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Master Plumber
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Any piping used for heating, that is buried in the ground is going to give you a problem. There is no room for expansion and contraction with the earth holding it tight in place.
I would try installing the lines in a bigger concrete utility pipe using the utility pipe as protection and with room for movement.
Thats why they make concrete tunnels for steam lines that go under ground, buildings,etc.
 

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There is a seperate glue company from the manufacturer of the pipe?

With Ipex for example, I'm pretty sure they make their own glue.

When you talk about expansion joints - are you talking about expansion loops (4 - 90's), or expansion joints like the ones that basically look like a bushing, a coupling, a reducing coupling, another bushing, and then a piece of pipe, and then a coupling types (ones I've used from Ipex on their Corzan CPVC).
 

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hot water and CPVC is baaaad news. We do ALOT of repairs on this, especially recirc lines. That stuff really should be banned.
 

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Muck me?
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We went to a class and thier big thing was the right amount of glue on cpvc. if the swab dripped then its to much glue. An excess of glue will make it fail and crack.
 

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hot water and CPVC is baaaad news. We do ALOT of repairs on this, especially recirc lines. That stuff really should be banned.
There is a lot being used around here ( Wash. D.c. Area) . To be honest I have seen quite a bit that has been in a while and haven't seen many problems at all .

Still like copper .

Cal
 

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Discussion Starter #27
Just an update, we went in and installed expansion joints in the lines. Even though I fought for a complete re-pipe. We went with the Metra Gator expansion joints, they run about a grand a piece but for the time being they are doing their job....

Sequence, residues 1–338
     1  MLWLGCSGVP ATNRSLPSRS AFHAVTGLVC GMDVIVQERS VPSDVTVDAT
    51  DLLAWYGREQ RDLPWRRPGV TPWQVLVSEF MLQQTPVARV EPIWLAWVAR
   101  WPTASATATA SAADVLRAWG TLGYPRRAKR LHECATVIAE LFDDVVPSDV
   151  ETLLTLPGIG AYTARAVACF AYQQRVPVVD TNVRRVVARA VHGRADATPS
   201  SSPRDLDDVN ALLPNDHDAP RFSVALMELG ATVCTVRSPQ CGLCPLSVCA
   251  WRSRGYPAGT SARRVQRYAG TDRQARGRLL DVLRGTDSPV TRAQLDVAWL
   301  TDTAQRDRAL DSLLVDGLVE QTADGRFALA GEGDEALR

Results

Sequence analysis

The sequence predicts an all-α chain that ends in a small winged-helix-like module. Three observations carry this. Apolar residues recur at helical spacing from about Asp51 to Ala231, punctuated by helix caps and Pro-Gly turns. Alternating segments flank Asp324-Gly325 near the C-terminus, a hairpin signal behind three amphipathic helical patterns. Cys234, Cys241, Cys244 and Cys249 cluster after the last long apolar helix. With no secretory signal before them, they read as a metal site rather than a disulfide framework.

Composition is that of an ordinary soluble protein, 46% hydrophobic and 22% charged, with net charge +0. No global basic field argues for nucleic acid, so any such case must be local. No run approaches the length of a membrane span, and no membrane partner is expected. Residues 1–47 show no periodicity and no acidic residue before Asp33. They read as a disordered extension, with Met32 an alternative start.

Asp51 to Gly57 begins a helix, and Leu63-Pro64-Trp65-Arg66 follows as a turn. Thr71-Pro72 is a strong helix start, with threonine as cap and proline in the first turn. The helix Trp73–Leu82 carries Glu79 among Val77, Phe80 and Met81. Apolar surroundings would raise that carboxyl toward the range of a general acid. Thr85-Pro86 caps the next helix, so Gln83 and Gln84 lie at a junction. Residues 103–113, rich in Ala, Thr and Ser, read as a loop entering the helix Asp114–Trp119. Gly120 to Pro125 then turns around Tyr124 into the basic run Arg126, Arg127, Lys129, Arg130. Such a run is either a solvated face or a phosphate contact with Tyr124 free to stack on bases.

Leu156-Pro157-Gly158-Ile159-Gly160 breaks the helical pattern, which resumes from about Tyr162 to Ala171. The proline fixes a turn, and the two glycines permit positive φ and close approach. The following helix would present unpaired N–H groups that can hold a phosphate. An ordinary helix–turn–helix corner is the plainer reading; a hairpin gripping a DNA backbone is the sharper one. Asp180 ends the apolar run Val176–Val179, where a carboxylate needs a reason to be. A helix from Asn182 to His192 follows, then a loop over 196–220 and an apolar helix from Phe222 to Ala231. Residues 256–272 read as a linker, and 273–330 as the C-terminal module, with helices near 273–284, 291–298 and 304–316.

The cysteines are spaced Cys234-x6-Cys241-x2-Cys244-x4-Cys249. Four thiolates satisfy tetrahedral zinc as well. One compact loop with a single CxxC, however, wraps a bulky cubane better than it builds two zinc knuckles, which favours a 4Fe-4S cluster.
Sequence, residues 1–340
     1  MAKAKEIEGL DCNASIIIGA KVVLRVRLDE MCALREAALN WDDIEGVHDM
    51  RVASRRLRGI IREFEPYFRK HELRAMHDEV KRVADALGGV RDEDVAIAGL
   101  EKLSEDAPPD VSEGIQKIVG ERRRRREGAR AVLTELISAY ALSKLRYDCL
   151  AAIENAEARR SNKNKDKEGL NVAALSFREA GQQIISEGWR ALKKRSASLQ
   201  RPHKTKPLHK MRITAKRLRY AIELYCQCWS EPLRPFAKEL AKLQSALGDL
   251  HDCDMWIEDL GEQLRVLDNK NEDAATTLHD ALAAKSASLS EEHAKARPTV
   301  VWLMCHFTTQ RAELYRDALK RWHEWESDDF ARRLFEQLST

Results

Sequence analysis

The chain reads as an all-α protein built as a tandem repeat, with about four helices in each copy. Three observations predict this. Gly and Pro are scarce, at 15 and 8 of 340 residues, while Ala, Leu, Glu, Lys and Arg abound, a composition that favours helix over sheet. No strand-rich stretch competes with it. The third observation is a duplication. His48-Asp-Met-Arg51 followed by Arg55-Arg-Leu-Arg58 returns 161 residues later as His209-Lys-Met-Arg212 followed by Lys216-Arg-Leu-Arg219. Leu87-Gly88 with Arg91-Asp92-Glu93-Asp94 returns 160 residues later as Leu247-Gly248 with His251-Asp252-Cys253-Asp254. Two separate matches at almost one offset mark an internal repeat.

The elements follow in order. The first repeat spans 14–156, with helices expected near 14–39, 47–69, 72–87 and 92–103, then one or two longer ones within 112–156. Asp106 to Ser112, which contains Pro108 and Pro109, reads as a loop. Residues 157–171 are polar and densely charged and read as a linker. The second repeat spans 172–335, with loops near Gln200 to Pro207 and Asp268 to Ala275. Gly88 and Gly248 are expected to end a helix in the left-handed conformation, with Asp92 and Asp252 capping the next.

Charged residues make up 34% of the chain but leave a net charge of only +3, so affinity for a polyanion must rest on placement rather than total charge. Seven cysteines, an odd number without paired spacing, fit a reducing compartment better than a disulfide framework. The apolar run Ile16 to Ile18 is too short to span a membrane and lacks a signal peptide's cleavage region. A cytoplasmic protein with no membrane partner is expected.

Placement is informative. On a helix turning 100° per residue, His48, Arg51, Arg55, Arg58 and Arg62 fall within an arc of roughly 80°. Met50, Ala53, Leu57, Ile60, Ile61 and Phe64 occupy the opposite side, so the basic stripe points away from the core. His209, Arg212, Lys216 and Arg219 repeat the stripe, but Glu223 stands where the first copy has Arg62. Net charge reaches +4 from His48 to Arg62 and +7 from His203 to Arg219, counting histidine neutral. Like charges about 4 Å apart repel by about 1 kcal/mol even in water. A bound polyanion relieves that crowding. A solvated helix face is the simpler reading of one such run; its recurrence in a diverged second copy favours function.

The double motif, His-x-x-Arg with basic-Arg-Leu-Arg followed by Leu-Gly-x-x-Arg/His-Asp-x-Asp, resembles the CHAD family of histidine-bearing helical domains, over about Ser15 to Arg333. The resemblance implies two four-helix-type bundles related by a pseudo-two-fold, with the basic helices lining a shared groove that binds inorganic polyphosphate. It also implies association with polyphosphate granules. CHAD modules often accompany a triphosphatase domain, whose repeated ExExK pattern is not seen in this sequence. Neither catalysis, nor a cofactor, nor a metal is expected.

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Just an update, we went in and installed expansion joints in the lines. Even though I fought for a complete re-pipe. We went with the Metra Gator expansion joints, they run about a grand a piece but for the time being they are doing their job....
For now.

All moving parts in a mechanical system are doomed to failure.
 

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I wouldn't sweat a pvc water service in FL unless you are running several hundred feet. The ground temps don't fluctuate as much as they do up north.
I've installed expansion joints for all kinds of DHW systems and a few process systems. Used PVC for water services even, but I've never put an exp. jt. in on the PVC. Do I start to sweat this or what. I'm thinking not due to the avg. water temp. of the gnd water hear @ 77 F.
 

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This is disheartening news. I recently installed at one of my schools an 80 foot supply and return run of 1-1/2" cpvc heating pipe underground between buildings and all I used was thermocell insullation and some sand backfill. It replaced rusted out steel pipe. I hope I don't have any problems. This was 6 months ago. I bought it from Ferguson and did some research to see if it was up to the application. The sales rep said it would be fine. We shall see.:whistling2:
 

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WILLPLUMB4$